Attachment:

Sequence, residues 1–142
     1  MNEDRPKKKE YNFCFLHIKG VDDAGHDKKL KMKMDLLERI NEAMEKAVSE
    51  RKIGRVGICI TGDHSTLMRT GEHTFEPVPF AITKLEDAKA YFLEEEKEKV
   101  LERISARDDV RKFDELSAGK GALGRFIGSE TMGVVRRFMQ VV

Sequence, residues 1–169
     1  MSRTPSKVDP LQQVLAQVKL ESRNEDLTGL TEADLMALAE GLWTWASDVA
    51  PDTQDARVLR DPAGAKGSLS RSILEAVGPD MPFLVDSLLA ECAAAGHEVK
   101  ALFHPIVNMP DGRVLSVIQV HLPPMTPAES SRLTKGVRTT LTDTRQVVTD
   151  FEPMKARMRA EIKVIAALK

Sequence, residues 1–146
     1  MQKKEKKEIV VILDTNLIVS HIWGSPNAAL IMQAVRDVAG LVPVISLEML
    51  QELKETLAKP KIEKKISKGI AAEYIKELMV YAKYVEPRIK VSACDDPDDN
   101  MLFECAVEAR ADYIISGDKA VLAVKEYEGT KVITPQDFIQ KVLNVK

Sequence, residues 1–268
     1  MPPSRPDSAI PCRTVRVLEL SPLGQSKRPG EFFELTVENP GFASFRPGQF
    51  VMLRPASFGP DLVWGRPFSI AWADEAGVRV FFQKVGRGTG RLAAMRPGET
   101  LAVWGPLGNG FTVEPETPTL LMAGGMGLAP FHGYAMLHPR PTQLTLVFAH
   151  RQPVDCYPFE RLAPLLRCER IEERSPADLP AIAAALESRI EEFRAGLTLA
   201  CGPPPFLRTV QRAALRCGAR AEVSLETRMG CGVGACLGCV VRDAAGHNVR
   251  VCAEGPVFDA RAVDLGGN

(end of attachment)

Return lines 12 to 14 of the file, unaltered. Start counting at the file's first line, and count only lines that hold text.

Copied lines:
    51  QELKETLAKP KIEKKISKGI AAEYIKELMV YAKYVEPRIK VSACDDPDDN
   101  MLFECAVEAR ADYIISGDKA VLAVKEYEGT KVITPQDFIQ KVLNVK

Sequence, residues 1–268